Among its other consequences, this formulation of pseudo-secularism discouraged displays of Muslim symbols in India’s political space. Famously, during his time as Gujarat chief minister, Modi refused to put on a Muslim skull cap. “My job is to respect all communities, respect the values of all communities but I have to accept my own values,” Modi explained. “I live with my values.”
This argument seems reasonable – until one realises that Modi has often been pictured wearing headgear from places as far away from his native Gujarat as Nagaland. The problem, it seems, related only to things identified as Muslim.
Hobbling Indian secularism
Indian secularism is, of course, very different from the Western idea of separating church and state. It is better understood as a consocialist model of power sharing, which is reflected as multi-culturalism in the public sphere.
In a country with significant levels of illiteracy, political ideas are often communicated using actions rather than words. This would include politicians wearing regional attire or participating in public rituals to signal their concern for a particular social group. This tradition of conveying political ideas using forms of dress in fact, goes right back to Mohandas Gandhi, who, despite being a lawyer educated in England, consciously adopted the loincloth of Indian peasants.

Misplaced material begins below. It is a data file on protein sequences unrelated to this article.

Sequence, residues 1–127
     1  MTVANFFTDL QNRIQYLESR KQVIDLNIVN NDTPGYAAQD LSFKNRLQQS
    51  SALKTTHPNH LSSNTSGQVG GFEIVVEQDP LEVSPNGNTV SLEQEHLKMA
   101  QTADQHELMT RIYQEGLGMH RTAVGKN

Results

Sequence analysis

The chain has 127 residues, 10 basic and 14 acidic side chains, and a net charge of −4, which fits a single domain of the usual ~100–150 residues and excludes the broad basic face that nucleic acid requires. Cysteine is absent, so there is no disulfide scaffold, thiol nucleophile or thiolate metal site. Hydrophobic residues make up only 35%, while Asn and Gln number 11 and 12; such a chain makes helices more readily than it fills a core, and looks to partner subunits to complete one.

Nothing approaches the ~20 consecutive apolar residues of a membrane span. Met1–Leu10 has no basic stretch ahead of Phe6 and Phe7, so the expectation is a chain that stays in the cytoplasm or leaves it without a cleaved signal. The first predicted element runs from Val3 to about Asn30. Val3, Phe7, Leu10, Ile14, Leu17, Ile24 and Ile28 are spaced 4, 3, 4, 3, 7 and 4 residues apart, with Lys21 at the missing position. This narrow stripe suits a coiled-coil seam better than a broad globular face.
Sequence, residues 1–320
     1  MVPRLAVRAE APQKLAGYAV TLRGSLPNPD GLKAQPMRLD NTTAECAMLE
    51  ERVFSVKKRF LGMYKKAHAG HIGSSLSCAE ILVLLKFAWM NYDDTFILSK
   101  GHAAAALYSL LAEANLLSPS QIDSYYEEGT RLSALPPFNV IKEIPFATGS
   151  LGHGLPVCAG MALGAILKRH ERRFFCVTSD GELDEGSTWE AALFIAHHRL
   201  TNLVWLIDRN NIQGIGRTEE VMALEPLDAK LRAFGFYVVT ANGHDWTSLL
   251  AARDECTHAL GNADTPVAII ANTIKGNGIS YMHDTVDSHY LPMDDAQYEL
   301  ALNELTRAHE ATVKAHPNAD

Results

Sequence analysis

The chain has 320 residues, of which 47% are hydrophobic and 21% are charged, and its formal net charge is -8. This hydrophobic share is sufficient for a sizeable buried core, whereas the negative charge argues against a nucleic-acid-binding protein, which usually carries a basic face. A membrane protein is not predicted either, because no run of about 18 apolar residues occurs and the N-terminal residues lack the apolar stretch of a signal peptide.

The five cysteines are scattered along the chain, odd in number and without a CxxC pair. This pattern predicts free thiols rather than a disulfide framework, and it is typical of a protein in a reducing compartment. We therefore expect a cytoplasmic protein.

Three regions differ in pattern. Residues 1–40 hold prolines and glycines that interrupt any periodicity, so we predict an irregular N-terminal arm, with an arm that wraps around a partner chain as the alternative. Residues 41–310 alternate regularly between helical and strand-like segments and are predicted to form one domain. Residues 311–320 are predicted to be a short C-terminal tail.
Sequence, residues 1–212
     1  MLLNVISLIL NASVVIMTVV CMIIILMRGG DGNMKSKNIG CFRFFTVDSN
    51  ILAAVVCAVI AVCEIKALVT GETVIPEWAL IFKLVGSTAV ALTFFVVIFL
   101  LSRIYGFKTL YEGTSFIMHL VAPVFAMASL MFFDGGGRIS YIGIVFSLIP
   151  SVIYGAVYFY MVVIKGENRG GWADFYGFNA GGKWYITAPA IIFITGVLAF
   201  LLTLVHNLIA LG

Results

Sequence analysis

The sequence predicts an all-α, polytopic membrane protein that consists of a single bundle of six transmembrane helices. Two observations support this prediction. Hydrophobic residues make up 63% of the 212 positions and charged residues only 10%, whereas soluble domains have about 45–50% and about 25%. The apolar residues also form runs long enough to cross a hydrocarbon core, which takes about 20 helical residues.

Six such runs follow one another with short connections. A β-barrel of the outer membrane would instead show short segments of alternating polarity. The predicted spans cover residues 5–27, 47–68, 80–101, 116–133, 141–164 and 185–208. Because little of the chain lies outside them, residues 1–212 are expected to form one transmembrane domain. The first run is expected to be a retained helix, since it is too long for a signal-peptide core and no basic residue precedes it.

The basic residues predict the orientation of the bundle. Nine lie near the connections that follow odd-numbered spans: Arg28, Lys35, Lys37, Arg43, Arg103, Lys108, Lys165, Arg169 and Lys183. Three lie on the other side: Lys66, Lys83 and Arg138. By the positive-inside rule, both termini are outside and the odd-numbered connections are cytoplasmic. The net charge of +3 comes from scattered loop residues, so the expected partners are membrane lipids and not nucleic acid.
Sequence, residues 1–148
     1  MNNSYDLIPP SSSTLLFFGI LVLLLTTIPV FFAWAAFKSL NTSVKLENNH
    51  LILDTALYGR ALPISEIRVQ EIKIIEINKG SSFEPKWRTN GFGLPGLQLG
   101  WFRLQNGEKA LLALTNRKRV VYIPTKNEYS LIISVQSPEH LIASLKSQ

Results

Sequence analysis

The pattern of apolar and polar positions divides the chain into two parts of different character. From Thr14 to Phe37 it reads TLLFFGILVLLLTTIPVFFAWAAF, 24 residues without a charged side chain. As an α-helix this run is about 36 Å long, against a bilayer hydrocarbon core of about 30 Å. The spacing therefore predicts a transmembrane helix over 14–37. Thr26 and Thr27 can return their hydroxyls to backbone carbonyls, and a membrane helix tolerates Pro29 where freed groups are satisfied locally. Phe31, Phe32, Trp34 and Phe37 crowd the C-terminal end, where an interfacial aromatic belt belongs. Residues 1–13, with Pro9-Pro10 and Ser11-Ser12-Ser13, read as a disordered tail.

Hindutva understood this feature of Indian secularism – and sought to dismantle it. The claim that its opponents were guilty of pseudo-secularism was not an attempt to separate church and state or banish religion from the public sphere. In fact, deploying religion in the public sphere was critical to the BJP’s Hindu nationalism. Instead, the party’s project was to get rid of every religion other than Hinduism from the public sphere.
A Hindu public sphere
As a consequence, even as the BJP has shrunk away from being publicly associated with symbols associated with Islam in the five years Modi has been in power in Delhi, there have been large, public celebrations of Hinduism.
But rival parties patronising religions other than Hinduism have been attacked.This is, of course, why the Trinamool’s endorsement of Ramzan is held up as an example of minority appeasement.
This logic is visible in a number of other instances. In Haryana, Hindutva groups have attacked Muslims for praying in public spaces when, of course, Hindu rituals being performed in the same spaces pass without comment. There is, therefore, a largely successful attempt to make sure that the public sphere is exclusively Hindu and to cement religious majoritarianism as the new normal.
‘Secular’ religious majoritarianism
In this endeavor, maybe most bizarre of all is the use of the word “secular” to rationalise a situtation that is quite the opposite – religious majoritarianism. In 1946, in his masterful essay “Politics and the English Language”, British writer George Orwell argued that “political speech and writing are largely the defence of the indefensible”.
One way it did that was through the use of what Orwell called “meaningless words”. “The word Fascism has now no meaning except in so far as it signifies ‘something not desirable’,” wrote Orwell.
While Orwell was writing for 1940s England, his diagnosis holds remarkably well for India in 2019. Since majoritarianism cannot be celebrated or multi-culturalism condemned, words like “secularism” and “appeasement” are cast in a new light in an attempt to obliterate their meaning.
As a result, a minority taking part in a majority’s rituals is now cast as secularism while, simultaneously, a powerful majority taking part in a minority’s culture is sneered at as appeasement.